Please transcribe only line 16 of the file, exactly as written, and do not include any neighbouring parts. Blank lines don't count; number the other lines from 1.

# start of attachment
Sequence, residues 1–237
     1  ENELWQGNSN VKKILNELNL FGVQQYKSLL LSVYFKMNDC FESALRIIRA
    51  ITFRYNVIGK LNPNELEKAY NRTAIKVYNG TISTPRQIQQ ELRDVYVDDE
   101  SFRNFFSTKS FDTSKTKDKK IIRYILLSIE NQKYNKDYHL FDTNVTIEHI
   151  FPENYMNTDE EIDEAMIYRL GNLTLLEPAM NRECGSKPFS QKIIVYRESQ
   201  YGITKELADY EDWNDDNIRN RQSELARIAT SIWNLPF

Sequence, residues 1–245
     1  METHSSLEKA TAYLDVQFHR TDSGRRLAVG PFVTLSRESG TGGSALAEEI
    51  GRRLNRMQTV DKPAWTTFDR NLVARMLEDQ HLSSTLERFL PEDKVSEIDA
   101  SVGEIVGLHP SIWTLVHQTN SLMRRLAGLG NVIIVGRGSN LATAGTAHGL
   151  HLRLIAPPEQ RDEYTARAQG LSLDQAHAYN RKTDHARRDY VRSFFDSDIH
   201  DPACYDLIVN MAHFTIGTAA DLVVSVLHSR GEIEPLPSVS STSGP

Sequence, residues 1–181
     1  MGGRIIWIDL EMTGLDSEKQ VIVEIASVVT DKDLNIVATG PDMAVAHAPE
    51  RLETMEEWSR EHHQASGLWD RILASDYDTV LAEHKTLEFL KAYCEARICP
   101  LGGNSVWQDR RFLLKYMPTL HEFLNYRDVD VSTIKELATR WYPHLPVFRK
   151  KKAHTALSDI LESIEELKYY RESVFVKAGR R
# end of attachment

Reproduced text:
   101  LGGNSVWQDR RFLLKYMPTL HEFLNYRDVD VSTIKELATR WYPHLPVFRK